Evaluation of response was done according to the Cheson criteria  and was carried out 1–3 months after end of primary treatment. All patients, including the OBS group, were then followed with regular visits every 2–6 months for a minimum of 5 years by our clinic, their local hospital or their general practitioner. Relapse was defined as a recurrence of lymphoma after initial complete remission (CR) or progression after either initial partial remission (PR) or stable disease (SD).
To compare OS of FL patients with the general population, each patient was matched with 5 individuals randomly selected from the general population. Controls were matched for age, sex and residency and had to be alive and cancer-free at the time of their case’s diagnosis. The match was performed by Statistics Norway.
Crude associations between pairs of categorical variables were assessed with Chi-square tests. Unadjusted survival curves were depicted using the Kaplan-Meier method and differences assessed with the log-rank test. Multivariate analyses were performed with Cox regression model and the results are expressed as hazard ratios (HR) with 95% confidence intervals (CI).
The Kaplan-Meier method was also used to compare OS for patients with controls. Risk of death due to other cancers and cardiovascular disease (CVD) were compared with the general population, adjusted to sex and modeled with the Cox regression method.
All tests were two-sided. P-values <0.05 were considered statistically significant. Statistical analyses were performed using IBM SPSS Statistics Version 22 and Stata version 13.
A total of 404 patients with early stage FL were eligible for the study. Patient characteristics are listed in Table 1. Male to female ratio was 1.2. The majority of patients had a FLIPI score of 0–1, WHO performance status 0–1, no B-symptoms, non-bulky disease and primary nodal involvement. Median observation time for OS was 15 years (range 0.2–32.2).
Patient characteristics according to choice of initial treatment are described in Table 2. Type of initial treatment (RT, CT, CRT, OBS) was significantly associated with age </≥61 years (P = 0.002), WHO performance status 0 versus ≥1 (P<0.001), supradiaphragmatic versus subdiaphragmatic (P = 0.002), and stage I versus II (P<0.001). Thus, the majority of patients treated with RT had WHO status 0 and stage I disease while patients treated with CT or CRT more often presented with WHO status 1 or more, stage II and subdiaphragmatic disease. Most patients who received CRT belonged to the younger age group.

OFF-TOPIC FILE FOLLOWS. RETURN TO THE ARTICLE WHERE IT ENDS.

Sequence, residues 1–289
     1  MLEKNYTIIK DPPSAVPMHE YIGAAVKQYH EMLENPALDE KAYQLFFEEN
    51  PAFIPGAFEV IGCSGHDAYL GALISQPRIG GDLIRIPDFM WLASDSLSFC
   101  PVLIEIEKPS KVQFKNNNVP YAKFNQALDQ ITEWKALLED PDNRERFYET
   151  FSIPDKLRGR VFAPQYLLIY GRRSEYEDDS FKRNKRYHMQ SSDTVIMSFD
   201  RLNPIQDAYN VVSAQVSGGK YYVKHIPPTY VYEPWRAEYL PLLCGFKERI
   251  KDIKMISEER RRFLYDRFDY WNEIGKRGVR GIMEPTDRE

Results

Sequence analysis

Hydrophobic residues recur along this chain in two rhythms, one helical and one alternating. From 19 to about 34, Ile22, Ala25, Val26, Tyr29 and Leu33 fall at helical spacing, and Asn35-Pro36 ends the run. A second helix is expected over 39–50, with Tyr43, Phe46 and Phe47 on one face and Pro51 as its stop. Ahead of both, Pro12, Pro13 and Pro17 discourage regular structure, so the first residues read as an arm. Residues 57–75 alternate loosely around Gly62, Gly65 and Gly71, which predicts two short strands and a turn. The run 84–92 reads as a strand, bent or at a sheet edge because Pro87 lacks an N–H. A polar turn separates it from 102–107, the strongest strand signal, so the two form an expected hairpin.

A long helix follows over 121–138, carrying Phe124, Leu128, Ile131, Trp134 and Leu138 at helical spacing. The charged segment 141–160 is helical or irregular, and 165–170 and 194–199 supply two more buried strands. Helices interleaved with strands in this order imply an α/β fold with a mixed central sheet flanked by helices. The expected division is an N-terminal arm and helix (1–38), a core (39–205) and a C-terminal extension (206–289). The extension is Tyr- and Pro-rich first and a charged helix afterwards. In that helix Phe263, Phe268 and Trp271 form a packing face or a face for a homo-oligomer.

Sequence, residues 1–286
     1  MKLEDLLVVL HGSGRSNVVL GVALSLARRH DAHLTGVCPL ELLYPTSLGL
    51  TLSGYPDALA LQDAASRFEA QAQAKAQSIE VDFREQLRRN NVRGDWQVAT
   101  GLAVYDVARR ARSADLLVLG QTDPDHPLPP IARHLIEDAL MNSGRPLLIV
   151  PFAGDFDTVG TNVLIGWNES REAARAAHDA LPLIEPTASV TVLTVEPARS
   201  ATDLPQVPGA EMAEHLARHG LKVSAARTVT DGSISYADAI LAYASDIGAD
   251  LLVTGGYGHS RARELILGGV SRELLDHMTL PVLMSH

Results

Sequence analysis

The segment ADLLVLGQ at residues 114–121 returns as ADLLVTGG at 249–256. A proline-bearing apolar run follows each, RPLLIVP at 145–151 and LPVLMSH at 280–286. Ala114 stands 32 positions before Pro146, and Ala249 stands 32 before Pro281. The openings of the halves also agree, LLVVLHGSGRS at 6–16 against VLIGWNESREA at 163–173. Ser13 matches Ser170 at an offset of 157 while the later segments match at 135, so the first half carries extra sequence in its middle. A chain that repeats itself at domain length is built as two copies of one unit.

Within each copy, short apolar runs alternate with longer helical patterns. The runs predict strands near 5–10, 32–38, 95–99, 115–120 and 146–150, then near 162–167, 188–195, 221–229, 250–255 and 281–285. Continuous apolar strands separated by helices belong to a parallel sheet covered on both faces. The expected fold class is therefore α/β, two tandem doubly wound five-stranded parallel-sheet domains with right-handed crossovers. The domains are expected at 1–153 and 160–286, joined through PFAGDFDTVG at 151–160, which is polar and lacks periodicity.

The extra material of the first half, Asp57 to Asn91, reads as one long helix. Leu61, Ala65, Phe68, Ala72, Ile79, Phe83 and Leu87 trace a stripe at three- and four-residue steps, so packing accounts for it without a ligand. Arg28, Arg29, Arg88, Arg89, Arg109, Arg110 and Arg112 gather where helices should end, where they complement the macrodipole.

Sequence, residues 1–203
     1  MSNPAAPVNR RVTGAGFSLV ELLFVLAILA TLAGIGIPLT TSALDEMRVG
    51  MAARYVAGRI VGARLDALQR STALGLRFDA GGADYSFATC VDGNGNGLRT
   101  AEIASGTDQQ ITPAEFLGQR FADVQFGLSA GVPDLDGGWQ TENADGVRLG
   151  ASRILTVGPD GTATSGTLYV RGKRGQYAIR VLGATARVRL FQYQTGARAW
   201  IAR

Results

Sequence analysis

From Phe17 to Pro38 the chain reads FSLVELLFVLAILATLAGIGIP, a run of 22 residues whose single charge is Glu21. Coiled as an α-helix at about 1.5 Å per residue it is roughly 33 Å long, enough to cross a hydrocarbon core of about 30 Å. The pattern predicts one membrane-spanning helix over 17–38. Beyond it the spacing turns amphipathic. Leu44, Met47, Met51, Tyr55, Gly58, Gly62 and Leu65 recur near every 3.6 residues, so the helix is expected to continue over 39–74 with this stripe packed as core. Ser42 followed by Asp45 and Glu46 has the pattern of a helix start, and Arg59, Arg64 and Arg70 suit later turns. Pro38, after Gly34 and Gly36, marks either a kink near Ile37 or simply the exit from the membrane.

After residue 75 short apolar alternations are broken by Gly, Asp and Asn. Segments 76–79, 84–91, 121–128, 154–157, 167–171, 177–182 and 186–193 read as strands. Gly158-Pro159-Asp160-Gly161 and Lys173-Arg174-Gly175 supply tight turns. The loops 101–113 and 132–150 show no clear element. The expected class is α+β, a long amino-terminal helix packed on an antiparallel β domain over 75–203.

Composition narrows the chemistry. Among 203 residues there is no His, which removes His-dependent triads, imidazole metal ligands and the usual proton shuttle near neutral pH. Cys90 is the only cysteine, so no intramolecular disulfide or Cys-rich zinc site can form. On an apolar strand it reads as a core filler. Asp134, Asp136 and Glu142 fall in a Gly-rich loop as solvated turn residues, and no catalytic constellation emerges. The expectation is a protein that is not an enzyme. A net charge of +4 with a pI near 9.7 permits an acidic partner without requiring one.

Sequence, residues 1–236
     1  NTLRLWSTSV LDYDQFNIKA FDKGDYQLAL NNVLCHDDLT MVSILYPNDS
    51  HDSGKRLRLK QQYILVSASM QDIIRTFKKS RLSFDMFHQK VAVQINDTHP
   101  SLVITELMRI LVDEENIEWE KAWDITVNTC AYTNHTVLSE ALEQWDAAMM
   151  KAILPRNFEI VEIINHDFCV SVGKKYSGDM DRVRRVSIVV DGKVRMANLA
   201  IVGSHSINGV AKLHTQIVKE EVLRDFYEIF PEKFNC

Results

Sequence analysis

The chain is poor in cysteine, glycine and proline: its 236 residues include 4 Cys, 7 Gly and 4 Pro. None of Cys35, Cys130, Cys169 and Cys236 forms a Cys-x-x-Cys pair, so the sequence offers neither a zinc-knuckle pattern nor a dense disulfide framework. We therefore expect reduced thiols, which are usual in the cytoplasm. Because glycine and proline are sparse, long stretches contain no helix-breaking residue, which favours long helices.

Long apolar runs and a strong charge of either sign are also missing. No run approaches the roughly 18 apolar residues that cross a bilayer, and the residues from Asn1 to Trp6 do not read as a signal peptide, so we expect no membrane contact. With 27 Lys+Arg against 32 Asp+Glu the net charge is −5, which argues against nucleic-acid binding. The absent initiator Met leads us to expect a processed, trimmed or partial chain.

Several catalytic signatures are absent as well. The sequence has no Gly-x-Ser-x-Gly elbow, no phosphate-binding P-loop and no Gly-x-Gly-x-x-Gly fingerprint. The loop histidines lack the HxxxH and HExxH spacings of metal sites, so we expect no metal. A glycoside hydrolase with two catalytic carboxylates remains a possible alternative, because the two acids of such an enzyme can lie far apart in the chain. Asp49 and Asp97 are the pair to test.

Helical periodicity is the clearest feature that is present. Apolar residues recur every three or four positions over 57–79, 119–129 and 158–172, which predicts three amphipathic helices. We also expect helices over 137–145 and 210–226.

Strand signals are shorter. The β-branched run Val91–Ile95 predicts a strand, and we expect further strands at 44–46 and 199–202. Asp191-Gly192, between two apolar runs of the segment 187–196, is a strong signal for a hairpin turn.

Response to initial treatment
Response rates for the different types of initial treatment according to stage are shown in Table 3. The majority of patients (97%) who received RT as the single modality achieved complete remission (CR) regardless of stage. CR rates for patients who received CRT and CT alone were 81% and 65%, respectively.
Relapse after response to initial treatment
Out of 330 patients who were initially treated and responded with at least stable disease (SD) or better, 165 patients (48%) relapsed. Relapse rates for stage I patients treated with RT, CT or CRT were 47%, 64% and 20%, respectively. Corresponding results for patients in stage II were 58%, 63% and 50%. Rate of relapse among patients with supradiaphragmatic disease was 55%, compared to 42% among patients with subdiaphragmatic disease (P = 0.02). Regardless of stage at time of initial diagnosis, disease involvement at time of first relapse was confined to one lymph node region for 56% of patients treated with RT alone, compared to only 34% for CT alone and 35% for CRT. Relapses were located partially or completely within initial radiation field in only 4 (2%) patients treated with RT or CRT. The location of relapse was close to or far from the primary radiation field for 29 (10%) and 98 (35%) of patients, respectively. Only 14 patients (5%) had isolated relapses close to the original radiation field.
In the OBS group 29 (46%) patients progressed (13 patients with primary stage I and 16 patients with stage II). Treatment was given to 26/29 patients at time of progression (CT = 15/26, CRT = 7/26 and RT = 4/26 patients). Progression involved more than 2 lymph node/extranodal regions in 7 out of 13 patients who progressed from stage I and in 12 out of 16 patients from stage II. One of the three patients in OBS group who progressed but never received treatment died of lymphoma 8 years after primary diagnosis. The other two patients were still alive at end of the study, 11 and 13 years after diagnosis, respectively.
Overall Survival (OS)